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More Information on East African Poaching

Here are a few more links relating to this topic, which seems to be all over the news lately.

This first item, from the Wildlife Conservation Society and the IUCN (International Union for the Conservation of Nature, the same organization which just declared the Western Black Rhino officially extinct) is a publication called Pachyderm. In it, there are several case studies about both rhinos and elephants, including some information on using micro-chemical evidence to trace the origin of poached ivory. Here’s the link to the complete PDF.

Edge of Existence is a website I recently stumbled across, and I think it has a lot of well-researched information about a lot of issues in wildlife conservation. EDGE stands for “Evolutionarily Distinct and Globally Endangered” species – unique creatures threatened by human activities around the world. Their page for elephants, linked here, has some really useful information on elephants’ role in maintaining the savanna ecosystem, conservation initiatives currently in use, links to organizations involved in elephant conservation, and references to more scientific information about Loxodonta africana.

The International.org posted a brief article in June 2012 about the impact of poaching on ecosystems, which is a nice model for the 9th grade poaching project currently underway.

A younger-looking Sir David Attenborough with lemurs from Madagascar. (Screen capture image from www.bbc.co.uk)

A younger-looking Sir David Attenborough with lemurs from Madagascar. (Screen capture image from www.bbc.co.uk)

And finally, no wildlife conservation unit would be complete without at least one video from Sir David Attenborough (probably my favorite scientist of all time). The short video clip linked here is from Sir David’s earlier work in Madagascar, so he looks a bit different than most of you are used to seeing him. It was originally released in 1961 – 52 years ago!

 

Western Black Rhino Officially Extinct – IUCN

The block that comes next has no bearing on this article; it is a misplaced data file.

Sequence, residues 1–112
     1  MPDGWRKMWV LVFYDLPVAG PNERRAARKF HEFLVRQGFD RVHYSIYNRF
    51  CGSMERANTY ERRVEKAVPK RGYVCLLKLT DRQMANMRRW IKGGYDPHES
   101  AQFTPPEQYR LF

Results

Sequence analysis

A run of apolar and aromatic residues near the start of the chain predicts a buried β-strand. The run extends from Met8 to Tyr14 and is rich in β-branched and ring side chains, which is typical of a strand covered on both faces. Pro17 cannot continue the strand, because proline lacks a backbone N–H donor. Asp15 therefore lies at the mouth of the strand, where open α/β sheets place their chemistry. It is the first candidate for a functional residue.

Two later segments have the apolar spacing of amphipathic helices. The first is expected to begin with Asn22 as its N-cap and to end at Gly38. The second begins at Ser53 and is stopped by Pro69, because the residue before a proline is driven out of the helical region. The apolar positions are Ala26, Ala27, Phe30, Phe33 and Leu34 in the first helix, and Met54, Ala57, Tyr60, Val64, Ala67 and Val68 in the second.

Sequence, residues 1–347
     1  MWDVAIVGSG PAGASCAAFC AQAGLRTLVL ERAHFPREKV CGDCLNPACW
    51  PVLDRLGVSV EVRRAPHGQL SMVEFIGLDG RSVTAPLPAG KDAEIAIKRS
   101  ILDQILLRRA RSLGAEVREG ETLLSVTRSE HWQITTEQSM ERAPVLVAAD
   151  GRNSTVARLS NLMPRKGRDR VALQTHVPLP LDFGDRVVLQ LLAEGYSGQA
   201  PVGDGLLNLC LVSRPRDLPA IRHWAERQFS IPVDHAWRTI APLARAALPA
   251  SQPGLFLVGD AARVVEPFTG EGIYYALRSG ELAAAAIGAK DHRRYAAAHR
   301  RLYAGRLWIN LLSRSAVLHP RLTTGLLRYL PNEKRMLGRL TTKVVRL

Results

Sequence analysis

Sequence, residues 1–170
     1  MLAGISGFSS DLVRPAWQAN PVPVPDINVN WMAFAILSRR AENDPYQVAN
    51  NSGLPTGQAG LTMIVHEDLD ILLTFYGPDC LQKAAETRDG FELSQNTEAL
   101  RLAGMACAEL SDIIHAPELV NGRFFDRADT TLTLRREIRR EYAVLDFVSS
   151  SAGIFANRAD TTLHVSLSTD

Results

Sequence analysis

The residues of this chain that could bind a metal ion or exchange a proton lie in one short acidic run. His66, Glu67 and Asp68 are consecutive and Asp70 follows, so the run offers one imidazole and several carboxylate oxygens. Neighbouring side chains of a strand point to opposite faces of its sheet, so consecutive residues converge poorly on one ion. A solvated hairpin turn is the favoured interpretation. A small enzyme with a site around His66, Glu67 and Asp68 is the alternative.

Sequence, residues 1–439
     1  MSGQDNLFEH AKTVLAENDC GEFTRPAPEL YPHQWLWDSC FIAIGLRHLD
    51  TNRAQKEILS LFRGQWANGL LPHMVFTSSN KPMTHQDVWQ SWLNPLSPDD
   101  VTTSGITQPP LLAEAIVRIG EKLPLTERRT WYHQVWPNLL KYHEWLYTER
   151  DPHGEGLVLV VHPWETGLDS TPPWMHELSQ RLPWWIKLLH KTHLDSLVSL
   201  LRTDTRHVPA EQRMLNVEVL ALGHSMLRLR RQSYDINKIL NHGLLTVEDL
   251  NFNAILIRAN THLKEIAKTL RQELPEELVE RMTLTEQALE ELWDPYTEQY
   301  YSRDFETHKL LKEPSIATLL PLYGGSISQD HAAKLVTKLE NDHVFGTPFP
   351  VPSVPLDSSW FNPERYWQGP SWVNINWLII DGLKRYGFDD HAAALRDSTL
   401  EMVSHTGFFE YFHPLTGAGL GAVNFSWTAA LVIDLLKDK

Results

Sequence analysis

A sad day for conservationists, as the International Union for the Conservation of Nature declares the Western Black Rhino officially extinct.

Western Black Rhino -R.I.P. (Image credit: www.skullappreciationsociety.com)

Western Black Rhino -R.I.P. (Image credit: www.skullappreciationsociety.com)

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Effects of Poaching on People and the Environment

The University of Washington’s Center for Conservation Biology released this study a few years ago, detailing the impact of poaching on elephant populations in Mikumi and Amboseli.

Graphic from University of Washington's Center for Conservation Biology

Graphic credit: University of Washington’s Center for Conservation Biology

I post this link for several reasons:

  1. The topic is clearly relevant to both the grade 9 biology unit, as well as ESS’s Topic 4 – Conservation and Biodiversity.
  2. The study was carried out in conjunction with Sokoine University in Morogoro, just a couple of hours from here.
  3. The targeted areas are Mikumi National Park in Tanzania and Amboseli in Kenya, so it’s entirely relevant to where we live.
  4. The inclusion of simple graphs with the article complement and support the written work of the authors, and it can serve as an example to you students about how to use visual aids in your scientific writing.
  5. Follow the ‘Research Programs’ and ‘Elephants’ tabs to see how DNA analysis is being used to track poached ivory.
  6. I like the graphic at the top of the page.

I also found this 2006 document from the World Wildlife Fund – the Wildlife Trade Factsheet 2006.PDF – which “is designed to give a broad overview of the environmental harm that illegal and unsustainable wildlife trade can cause, and to give examples of WWF and TRAFFIC’s work and solutions on the ground.”  (www.panda.org)

WWF Image Credit: Martin Harvey

WWF Image Credit: Martin Harvey